TEGUCIGALPA (Reuters) - Talks to end a post-coup crisis in Honduras ground to a halt on Friday, as de facto leader Roberto Micheletti resisted international pressure to reinstate toppled President Manuel Zelaya.
Negotiators for both sides had appeared close to a deal earlier this week but Micheletti wants the Supreme Court to rule on whether Zelaya should return to office. That appears to be a deal-breaker because the court supported the leftist president’s ouster and is unlikely to restore him.
Soldiers exiled Zelaya on June 28, but he secretly returned to Honduras last month and took refuge in the Brazilian embassy in the capital to avoid arrest.
“This is a joke,” Zelaya told Reuters by telephone from the embassy on Friday night, accusing Micheletti of playing for time. “It’s suspended until they really present something that can be analyzed or they approve our proposal.”
Micheletti is hoping to stay at the helm until a new president is chosen in a November 29 election, although he could still come under further pressure to back down from the United States, which wants Zelaya back in office before the vote and is this coffee-exporting nation’s top trade partner.
“After waiting three long hours this morning, the proposal we received was totally unacceptable,” Zelaya envoy Victor Meza said after three days of intense dialogue.
The two sides agreed to resume talks after the weekend, but they have not substantially changed their position in days and significant advances now look difficult unless new pressure is applied.
The United States has already cut off some economic aid to Honduras but Micheletti appears determined his former friend and political ally will not return to office, even as he promises to continue talking.
“Naturally, the government is totally disposed and offers all the guarantees so that the dialogue is extended,” said Rafael Pineda, a top official in Micheletti’s cabinet.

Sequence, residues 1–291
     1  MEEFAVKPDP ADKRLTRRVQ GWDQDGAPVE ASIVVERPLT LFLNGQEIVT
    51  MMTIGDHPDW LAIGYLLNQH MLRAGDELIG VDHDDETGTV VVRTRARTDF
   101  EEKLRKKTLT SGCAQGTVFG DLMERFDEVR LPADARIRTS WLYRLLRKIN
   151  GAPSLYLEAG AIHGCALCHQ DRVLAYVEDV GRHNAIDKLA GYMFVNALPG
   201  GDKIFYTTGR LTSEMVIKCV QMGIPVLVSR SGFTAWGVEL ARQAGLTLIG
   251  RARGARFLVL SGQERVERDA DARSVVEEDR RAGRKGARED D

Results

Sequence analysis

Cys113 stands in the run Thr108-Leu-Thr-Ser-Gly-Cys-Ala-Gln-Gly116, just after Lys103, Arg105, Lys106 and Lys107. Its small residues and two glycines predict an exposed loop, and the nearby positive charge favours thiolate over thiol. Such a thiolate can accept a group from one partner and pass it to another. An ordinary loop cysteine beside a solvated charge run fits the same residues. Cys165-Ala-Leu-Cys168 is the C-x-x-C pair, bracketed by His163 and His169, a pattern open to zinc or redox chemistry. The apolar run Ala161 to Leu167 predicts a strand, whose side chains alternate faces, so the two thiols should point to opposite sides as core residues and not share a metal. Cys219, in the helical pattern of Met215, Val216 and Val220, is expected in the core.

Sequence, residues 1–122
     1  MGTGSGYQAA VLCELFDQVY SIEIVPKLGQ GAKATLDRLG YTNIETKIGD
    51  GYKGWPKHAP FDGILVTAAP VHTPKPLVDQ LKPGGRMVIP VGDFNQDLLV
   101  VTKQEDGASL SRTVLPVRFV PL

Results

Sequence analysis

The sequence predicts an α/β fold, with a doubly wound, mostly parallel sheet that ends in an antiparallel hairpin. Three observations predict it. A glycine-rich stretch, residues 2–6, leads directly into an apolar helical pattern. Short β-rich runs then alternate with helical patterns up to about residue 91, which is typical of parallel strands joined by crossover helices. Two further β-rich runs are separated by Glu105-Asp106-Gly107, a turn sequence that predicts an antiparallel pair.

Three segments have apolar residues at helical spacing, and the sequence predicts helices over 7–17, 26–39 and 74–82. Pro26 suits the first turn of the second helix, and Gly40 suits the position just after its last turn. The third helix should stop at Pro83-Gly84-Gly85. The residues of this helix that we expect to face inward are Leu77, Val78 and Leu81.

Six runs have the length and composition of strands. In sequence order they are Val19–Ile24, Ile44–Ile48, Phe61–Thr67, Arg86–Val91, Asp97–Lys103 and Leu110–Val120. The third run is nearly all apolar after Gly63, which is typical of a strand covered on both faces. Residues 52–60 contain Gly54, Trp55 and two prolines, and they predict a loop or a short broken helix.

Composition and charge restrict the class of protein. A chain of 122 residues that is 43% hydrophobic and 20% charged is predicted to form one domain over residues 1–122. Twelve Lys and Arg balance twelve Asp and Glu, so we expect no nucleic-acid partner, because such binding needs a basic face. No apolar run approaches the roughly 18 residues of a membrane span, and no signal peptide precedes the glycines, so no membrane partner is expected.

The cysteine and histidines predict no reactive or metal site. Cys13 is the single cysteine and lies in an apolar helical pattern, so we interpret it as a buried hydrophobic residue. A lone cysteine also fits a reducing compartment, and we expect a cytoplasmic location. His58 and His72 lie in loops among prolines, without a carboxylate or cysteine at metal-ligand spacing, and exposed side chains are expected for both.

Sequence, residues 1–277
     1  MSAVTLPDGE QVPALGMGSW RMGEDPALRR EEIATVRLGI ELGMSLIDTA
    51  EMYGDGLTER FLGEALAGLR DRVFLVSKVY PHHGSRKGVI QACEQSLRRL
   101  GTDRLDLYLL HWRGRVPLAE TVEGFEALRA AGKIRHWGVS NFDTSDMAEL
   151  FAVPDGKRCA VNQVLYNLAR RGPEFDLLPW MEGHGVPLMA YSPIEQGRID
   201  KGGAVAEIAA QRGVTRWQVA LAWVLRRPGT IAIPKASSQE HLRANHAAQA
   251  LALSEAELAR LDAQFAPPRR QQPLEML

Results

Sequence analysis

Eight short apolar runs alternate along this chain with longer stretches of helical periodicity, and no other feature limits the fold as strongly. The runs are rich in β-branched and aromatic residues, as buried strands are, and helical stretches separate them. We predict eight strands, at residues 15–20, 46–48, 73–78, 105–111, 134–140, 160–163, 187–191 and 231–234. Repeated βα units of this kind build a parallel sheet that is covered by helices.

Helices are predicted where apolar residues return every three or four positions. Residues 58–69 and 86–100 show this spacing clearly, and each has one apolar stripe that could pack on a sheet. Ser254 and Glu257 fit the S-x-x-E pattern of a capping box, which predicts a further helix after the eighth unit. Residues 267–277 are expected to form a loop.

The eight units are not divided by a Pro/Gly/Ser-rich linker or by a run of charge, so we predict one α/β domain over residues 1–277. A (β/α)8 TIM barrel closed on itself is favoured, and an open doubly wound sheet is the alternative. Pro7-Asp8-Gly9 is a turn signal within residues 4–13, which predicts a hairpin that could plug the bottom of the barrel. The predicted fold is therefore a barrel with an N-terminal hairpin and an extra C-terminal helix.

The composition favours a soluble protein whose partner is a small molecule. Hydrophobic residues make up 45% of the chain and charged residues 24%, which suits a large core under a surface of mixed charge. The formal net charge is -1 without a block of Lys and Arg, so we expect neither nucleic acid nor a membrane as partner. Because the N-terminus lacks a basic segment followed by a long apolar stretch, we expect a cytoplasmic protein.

The negotiators repeatedly hurried out of the talks in an upscale hotel in the Honduran capital to consult with their leaders on Friday, while a small group of Zelaya supporters gathered outside, closely watched by riot police.
The coup brought back memories of Central America’s ugly past of civil wars and state-backed violence in the 1970s and ‘80s. It is a foreign policy headache for U.S. President Barack Obama, who has promised better relations with Latin America.
Obama’s administration has threatened that it will not recognize the winner of the elections if democracy is not first restored and curbs lifted on media and protests, but Micheletti’s team hopes the United States and other foreign governments will eventually buckle.
Human rights groups accuse the de facto government of major abuses, including deaths. The top United Nations rights body said it is sending a team to write a report on the situation.
Foreign donors have pulled millions of dollars of aid from Honduras since the coup, but Zelaya wants tougher sanctions aimed at destabilizing Micheletti.
Micheletti, a brusque political veteran named president shortly after the coup, got a boost this week when Honduras qualified for soccer’s World Cup, giving the divided country a brief sense of unity.
Thousands of people accompanied the national team to the presidential palace on Thursday, the first big public gathering since Micheletti gave the police and army broad powers to suppress pro-Zelaya protests.
Additional reporting by Magdalena Morales and Gustavo Palencia in Tegucigalpa and Susan Cornwell in Washington; Editing by Kieran Murray